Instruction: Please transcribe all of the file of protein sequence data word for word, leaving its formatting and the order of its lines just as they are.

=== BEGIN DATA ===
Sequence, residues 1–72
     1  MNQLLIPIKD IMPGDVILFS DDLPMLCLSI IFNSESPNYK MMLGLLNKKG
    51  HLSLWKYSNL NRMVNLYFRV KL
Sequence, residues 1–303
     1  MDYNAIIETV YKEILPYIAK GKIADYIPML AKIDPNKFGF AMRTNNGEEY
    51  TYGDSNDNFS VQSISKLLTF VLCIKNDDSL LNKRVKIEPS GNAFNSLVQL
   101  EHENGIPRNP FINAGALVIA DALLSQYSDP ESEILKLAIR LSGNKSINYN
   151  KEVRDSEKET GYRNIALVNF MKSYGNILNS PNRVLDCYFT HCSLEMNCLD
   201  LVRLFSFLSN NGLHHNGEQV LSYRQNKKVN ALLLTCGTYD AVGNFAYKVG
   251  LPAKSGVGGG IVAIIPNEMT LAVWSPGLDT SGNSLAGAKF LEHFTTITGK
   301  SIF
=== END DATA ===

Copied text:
Sequence, residues 1–72
     1  MNQLLIPIKD IMPGDVILFS DDLPMLCLSI IFNSESPNYK MMLGLLNKKG
    51  HLSLWKYSNL NRMVNLYFRV KL
Sequence, residues 1–303
     1  MDYNAIIETV YKEILPYIAK GKIADYIPML AKIDPNKFGF AMRTNNGEEY
    51  TYGDSNDNFS VQSISKLLTF VLCIKNDDSL LNKRVKIEPS GNAFNSLVQL
   101  EHENGIPRNP FINAGALVIA DALLSQYSDP ESEILKLAIR LSGNKSINYN
   151  KEVRDSEKET GYRNIALVNF MKSYGNILNS PNRVLDCYFT HCSLEMNCLD
   201  LVRLFSFLSN NGLHHNGEQV LSYRQNKKVN ALLLTCGTYD AVGNFAYKVG
   251  LPAKSGVGGG IVAIIPNEMT LAVWSPGLDT SGNSLAGAKF LEHFTTITGK
   301  SIF